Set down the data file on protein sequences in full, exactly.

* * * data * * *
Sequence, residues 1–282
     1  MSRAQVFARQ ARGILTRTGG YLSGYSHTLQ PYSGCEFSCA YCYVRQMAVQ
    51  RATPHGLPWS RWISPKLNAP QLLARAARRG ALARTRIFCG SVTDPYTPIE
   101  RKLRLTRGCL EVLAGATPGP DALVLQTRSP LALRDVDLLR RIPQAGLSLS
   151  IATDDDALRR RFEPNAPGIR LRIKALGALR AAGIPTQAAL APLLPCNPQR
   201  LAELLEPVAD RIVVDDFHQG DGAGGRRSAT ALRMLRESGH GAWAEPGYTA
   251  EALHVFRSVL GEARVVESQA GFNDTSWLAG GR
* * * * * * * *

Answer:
Sequence, residues 1–282
     1  MSRAQVFARQ ARGILTRTGG YLSGYSHTLQ PYSGCEFSCA YCYVRQMAVQ
    51  RATPHGLPWS RWISPKLNAP QLLARAARRG ALARTRIFCG SVTDPYTPIE
   101  RKLRLTRGCL EVLAGATPGP DALVLQTRSP LALRDVDLLR RIPQAGLSLS
   151  IATDDDALRR RFEPNAPGIR LRIKALGALR AAGIPTQAAL APLLPCNPQR
   201  LAELLEPVAD RIVVDDFHQG DGAGGRRSAT ALRMLRESGH GAWAEPGYTA
   251  EALHVFRSVL GEARVVESQA GFNDTSWLAG GR